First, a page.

And so we now have the Official Firmware Updates (OFW). But our homebrew gods are not to be deterred. To counter this, we now have the Custom Firmwares (CFW). It's a never-ending overtaking of capabilities from then on out, and really, it's us who benefit the most, actually. It's a mad, mad race out there. MAD, I tell you.
PSP Slim and Lite (2000)
A mere couple of years after the release of the Phat, word was already abuzz about Sony prepping for the launch of a new PSP model. Back then, there were a lot of rumors, denials, speculations, denials, bucketloads of "No Comments" from Sony reps, and more rumors. And denials.
At the E3 2007 however, Sony could no longer keep up with all their denials and instead confirmed what many have predicted all along: a new PSP version, to be released in September of 2007. Say hello to the PSP 2000.
Better known as the Slim and Lite, the second model is 33% lighter and 19% slimmer than the Phat. With its RAM beefed up to 64MB, the PSP Slim also outperforms Phat with its faster read and load time. It's got about the same battery life as Phat, but you can use a PSP-1000 battery to prolong the Slim's batt life.
There's also an improved LCD screen and a TV out, so the bigger screen option is always open, and gameplay got better with its improved D-pad and analog stick (if you can call it a stick). Slim also has the benefit of charging via USB, which is handy if you're downloading a huge file and you forgot to charge the day before.
It's better in some ways than Phat, but not in all aspects. For one, the lack of a metal chassis on Slim makes it feel so flimsy and fragile. It also lacks the IR port that Phat has. Plus its TV output is limited to progressive scan TV sets; luckily, this can be remedied with homebrew plugins.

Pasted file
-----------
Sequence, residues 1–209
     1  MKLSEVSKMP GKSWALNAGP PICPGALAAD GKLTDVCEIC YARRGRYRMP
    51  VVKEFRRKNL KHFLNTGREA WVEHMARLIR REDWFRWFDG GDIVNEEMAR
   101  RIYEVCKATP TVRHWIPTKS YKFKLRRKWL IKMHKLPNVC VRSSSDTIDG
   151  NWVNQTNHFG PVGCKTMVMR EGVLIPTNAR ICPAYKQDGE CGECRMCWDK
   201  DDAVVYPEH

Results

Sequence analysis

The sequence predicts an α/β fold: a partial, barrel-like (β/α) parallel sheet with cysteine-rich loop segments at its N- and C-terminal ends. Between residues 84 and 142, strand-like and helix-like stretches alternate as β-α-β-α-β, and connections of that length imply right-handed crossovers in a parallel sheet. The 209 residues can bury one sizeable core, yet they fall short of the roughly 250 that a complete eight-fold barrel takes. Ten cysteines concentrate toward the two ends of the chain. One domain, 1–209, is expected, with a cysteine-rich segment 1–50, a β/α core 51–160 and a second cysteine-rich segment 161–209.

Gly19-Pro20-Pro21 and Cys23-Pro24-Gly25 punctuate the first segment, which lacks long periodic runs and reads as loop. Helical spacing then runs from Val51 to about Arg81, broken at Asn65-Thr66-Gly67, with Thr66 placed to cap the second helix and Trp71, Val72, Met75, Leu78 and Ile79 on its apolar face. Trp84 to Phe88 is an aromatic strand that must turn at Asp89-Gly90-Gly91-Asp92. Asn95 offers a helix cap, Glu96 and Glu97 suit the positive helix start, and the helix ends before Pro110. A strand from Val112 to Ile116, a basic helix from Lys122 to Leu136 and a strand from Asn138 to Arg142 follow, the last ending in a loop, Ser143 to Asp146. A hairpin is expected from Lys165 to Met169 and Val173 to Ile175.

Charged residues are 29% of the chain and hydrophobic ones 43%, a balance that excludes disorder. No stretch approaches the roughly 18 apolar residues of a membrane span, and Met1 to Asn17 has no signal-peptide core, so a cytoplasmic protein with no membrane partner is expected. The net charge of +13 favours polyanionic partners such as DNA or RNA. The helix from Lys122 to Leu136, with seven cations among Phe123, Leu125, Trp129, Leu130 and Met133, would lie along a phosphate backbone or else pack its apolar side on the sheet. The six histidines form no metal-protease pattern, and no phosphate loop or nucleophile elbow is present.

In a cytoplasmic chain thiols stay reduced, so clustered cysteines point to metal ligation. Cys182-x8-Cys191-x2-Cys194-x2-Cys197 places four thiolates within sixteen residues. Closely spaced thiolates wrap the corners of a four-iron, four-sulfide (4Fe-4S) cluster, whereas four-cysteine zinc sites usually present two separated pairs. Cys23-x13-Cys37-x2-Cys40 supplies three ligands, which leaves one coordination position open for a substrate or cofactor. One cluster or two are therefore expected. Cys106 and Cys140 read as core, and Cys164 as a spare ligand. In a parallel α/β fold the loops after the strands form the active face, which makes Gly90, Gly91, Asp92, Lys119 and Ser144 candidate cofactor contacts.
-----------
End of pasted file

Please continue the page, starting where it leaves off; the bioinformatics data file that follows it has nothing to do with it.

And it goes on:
As far as homebrew goes, most PSP-2000s can run 1.5 kernel-based homebrew by using Time Machine. Unfortunately, the infamous TA088v3 motherboard still hasn't gotten hacked, so those Slim PSPs won't get any homebrew anytime soon. There was a rumor about the said motherboard getting hacked, but it was a fake, and all it did was get hopes up.
PSP Brite (3000)
Prior to release, Sony proudly introduced the PlayStation Portable's latest model with its vibrant new screen as the centerpiece. The improved LCD, increased color range, and five times the contrast ratio of the Slim gave it its nickname, PSP Brite. This bright screen is also equipped with anti-reflection technology which improved playing outdoors in broad daylight. To reduce ghosting and blurring, Brite came with faster pixel response and a new sub-pixel structure.
Unfortunately, controversy erupted at the PSP-3000's release, when its pride and joy turned out to show interlacing-like lines during on-screen motion, and dark lines when on-screen brightness changes drastically. While some PSP-3000 owners really don't mind this "feature", as Sony called it, It turns out to be a big deal breaker for many would-be buyers.
Homebrew (yet-to-get-there) Heaven:
Then there's the matter of homebrew. The PSP Brite is still new, but while it's understandable that it hasn't been hacked yet because of this, there is a bit of growing concern that Sony might have really, finally padlocked once more the gates to all that is homebrew. Heck, TA088v3 on the Slim hasn't been hacked yet.
Hopes are high, though, and optimism is abundant, as a silver lining appears to be up above, thanks to the efforts of FreePlay and Matiaz (and recently, Team Noobz joining the power team) in bringing us the GripShift exploit. We're still keeping our fingers and toes tightly crossed for a major breakthrough here, but if there's anything that the PSP brew history has taught us, patience is the key.
So which model suits your preference the best? They say the PSP is a dying console, but that still is highly debatable. Despite the seemingly lackluster software lineup the past couple of years, we still firmly believe in the PSP as the foremost handheld gaming console of the current generation.
There's still more to see from this little wonder, believe you me. And you bet we'll be right along with it. You all are more than welcome to join us, too.
So that's it for this edition of PSP How-To right here on QJ. Was that helpful? Be sure to check back same time every week for more PSP How-To articles. For next week, it's "How-To: Get Homebrewed: List of requirements to get brew running on your PSP." That should be fun.